Basically, when I started reading these, I was expecting something kind of like the Conan stories but hopefully marginally less stupid. Where in fact they’re much MUCH more entertaining, and really trippy in a way that makes me actually wonder whether drugs were involved in their conception. They provide a great mind-vacation and are easy to read when I’m exhausted, which is pretty key for me right now. (Though again, with the caution that I now kind of wish I’d halted about 2/3 of the way through just to avoid Fritz Leiber being creepy.)

“Holy Motors” Review

Eva Mendes and crazed sewer-dweller.

Eva Mendes and crazed sewer-dweller.

Someday I’ll start writing about something other than movies. And maybe someday CJ will start writing posts again, but for now you get what you get.

Anyway, I saw a great movie yesterday, “Holy Motors,” by the French director Leos Carax, who is apparently a lunatic. It’s difficult to describe, but here goes.

Basically, the film follows a character named Mr. Oscar as he is chaffeured around Paris in a massive limo filled with costumes and make-up equipment. Mr. Oscar has a series of what are called “appointments.” For each appointment, he changes his appearance in the back of the limo, and emerges as a different person to go through some kind of scenario or encounter.

In one he’s an old woman who begs on a bridge. In another he’s an assassin who kills another man who looks like him. In another he’s a crazy sewer-dweller who bites off a woman’s fingers, kidnaps Eva Mendes from a photo-shoot, and makes her a burka by using his elongated fingernails as sewing scissors. In another, he’s dressed in a motion-capture suit, does acrobatics, and eventually makes love to a woman in a similar motion-capture suit as their movements are animated onto two snake-monsters.This sounds completely insane, and it is, but it’s also very compelling.

The film-maker also clearly enjoys throwing in a new twist whenever he thinks you might be getting complacent. Mr. Oscar starts to encounter other people in limos who are doing the same thing that he is — with their own various “appointments” — including Kylie Minogue as someone he once was in love with. People die and come back to life. There are two musical interludes. He meets people who appear to be different versions of characters that he has played earlier in the day. At one point, his boss randomly materializes in his limo and upbraids him for his performance. There are chimpanzees involved as well.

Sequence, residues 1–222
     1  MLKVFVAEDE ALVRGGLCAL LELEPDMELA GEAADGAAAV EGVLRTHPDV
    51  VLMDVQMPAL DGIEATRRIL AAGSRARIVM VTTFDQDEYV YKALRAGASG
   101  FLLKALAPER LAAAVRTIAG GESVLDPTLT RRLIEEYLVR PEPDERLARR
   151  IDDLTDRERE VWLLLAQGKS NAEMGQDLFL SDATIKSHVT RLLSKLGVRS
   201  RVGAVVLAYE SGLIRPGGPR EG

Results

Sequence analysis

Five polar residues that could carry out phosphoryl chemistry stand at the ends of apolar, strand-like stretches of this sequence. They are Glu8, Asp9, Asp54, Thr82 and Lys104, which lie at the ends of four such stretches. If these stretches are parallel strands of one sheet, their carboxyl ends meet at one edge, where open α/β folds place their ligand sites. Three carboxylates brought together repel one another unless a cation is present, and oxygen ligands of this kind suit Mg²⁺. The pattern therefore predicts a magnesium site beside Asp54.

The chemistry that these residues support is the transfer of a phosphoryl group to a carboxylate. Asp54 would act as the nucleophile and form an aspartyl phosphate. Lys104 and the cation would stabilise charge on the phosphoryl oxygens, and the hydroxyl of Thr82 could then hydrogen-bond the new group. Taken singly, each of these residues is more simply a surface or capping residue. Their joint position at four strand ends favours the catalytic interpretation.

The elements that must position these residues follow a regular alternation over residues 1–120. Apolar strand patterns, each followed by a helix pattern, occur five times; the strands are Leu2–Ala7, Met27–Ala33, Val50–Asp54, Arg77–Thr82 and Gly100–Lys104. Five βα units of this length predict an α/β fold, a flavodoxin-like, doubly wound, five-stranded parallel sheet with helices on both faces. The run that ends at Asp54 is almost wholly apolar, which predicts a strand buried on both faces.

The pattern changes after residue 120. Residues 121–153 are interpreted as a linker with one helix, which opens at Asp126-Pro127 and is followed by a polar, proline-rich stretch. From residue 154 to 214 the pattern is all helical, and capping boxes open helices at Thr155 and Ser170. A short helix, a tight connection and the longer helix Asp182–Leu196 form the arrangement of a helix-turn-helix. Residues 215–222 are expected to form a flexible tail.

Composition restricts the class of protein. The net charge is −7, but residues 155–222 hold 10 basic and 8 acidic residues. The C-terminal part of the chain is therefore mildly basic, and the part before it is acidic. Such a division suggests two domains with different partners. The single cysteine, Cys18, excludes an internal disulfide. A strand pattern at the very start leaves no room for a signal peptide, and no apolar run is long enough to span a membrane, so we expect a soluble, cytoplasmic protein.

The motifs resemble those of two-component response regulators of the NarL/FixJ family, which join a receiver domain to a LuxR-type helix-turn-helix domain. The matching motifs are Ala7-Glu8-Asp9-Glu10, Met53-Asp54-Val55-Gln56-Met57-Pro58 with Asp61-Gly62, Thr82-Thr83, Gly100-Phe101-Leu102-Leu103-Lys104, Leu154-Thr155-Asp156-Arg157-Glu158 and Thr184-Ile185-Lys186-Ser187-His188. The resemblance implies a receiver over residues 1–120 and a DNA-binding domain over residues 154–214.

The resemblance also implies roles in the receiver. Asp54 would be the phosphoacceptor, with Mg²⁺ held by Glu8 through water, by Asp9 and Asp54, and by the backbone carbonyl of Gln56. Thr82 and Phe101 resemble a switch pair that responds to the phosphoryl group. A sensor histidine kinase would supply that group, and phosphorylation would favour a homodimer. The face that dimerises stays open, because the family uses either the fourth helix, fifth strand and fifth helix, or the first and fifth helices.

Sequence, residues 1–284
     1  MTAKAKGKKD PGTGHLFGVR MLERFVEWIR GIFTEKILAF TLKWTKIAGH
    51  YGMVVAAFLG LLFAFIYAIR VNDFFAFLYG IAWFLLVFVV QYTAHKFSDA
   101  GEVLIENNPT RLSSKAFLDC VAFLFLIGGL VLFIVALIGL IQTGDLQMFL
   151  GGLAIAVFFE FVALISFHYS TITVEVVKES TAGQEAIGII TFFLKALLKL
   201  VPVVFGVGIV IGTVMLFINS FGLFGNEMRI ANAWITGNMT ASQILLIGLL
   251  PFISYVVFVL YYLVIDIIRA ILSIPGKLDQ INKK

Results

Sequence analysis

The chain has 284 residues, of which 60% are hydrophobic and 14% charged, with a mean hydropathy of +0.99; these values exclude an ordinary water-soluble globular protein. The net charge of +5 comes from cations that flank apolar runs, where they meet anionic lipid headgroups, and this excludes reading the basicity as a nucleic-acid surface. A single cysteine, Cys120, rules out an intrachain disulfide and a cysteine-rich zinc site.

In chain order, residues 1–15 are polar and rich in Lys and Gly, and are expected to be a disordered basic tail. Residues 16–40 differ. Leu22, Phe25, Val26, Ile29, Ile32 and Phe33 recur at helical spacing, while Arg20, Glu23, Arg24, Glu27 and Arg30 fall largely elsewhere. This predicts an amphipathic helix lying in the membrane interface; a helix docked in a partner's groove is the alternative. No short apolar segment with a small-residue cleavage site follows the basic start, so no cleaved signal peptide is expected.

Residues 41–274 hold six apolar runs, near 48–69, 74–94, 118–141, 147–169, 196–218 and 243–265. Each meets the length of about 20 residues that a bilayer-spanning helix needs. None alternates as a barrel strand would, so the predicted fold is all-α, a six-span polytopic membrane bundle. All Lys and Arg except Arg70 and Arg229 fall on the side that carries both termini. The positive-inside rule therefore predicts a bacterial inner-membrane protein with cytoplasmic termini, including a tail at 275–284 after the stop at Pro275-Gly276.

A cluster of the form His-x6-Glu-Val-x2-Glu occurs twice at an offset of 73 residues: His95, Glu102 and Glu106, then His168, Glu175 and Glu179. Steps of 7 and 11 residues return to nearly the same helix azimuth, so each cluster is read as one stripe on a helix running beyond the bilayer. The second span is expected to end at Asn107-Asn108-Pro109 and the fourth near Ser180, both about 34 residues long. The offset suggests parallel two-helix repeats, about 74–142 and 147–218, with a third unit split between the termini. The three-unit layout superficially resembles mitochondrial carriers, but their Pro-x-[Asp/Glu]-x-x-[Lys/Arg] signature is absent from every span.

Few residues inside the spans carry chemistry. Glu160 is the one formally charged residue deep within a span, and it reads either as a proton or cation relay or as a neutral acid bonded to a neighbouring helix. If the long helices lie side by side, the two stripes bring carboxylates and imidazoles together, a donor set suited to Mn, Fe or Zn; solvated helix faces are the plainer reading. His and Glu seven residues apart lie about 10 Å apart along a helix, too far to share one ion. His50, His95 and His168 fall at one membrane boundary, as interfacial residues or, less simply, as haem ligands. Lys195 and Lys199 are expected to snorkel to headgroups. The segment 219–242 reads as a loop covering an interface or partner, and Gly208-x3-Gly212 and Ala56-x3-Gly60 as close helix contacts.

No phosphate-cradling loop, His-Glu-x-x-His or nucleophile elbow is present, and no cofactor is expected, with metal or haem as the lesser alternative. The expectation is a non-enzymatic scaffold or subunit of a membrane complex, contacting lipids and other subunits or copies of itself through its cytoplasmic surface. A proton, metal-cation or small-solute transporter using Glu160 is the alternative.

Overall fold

It isn’t just a series of insane occurrences, though. Or I guess it is, but there are a lot of interesting questions and themes being explored. The two biggest ones are the nature of performance (for obvious reasons), and the ubiquity of technology, from automobiles to cameras. And Denis Lavant as Mr. Oscar is completely riveting. He’s not solely a chameleon, there is a base character there under all the various personae he takes on.

It all adds up to an ungodly hybrid of Cloud Atlas, Dark City, and Delicatessen that I would highly recommend. Though prepare to have some difficulty making any sense when you’re trying to explain to other people what this movie is about and why it’s so good. It makes me want to watch the other movies this guy has done, many of which also apparently star the same actor. (Check out the trailer I’ve put at the bottom of this post if you still have no idea what I’m talking about. Mind you, it may not help.)

Also, now that I’ve seen a few more films, here is my updated top ten list for 2012. I’ve abandoned my attempt to rank these, so I’ll just list my favorite ten in alphabetical order. (Basically what has happened is that Silver Linings Playbook and, now, Holy Motors, have bumped Batman and Prometheus off the list.)

The Cabin in the Woods

Cloud Atlas

The Hobbit

Holy Motors

The Hunger Games

Lincoln

Moonrise Kingdom

Safety Not Guaranteed

Silver Linings Playbook

Skyfall

Wheeeeeeeee! Movies!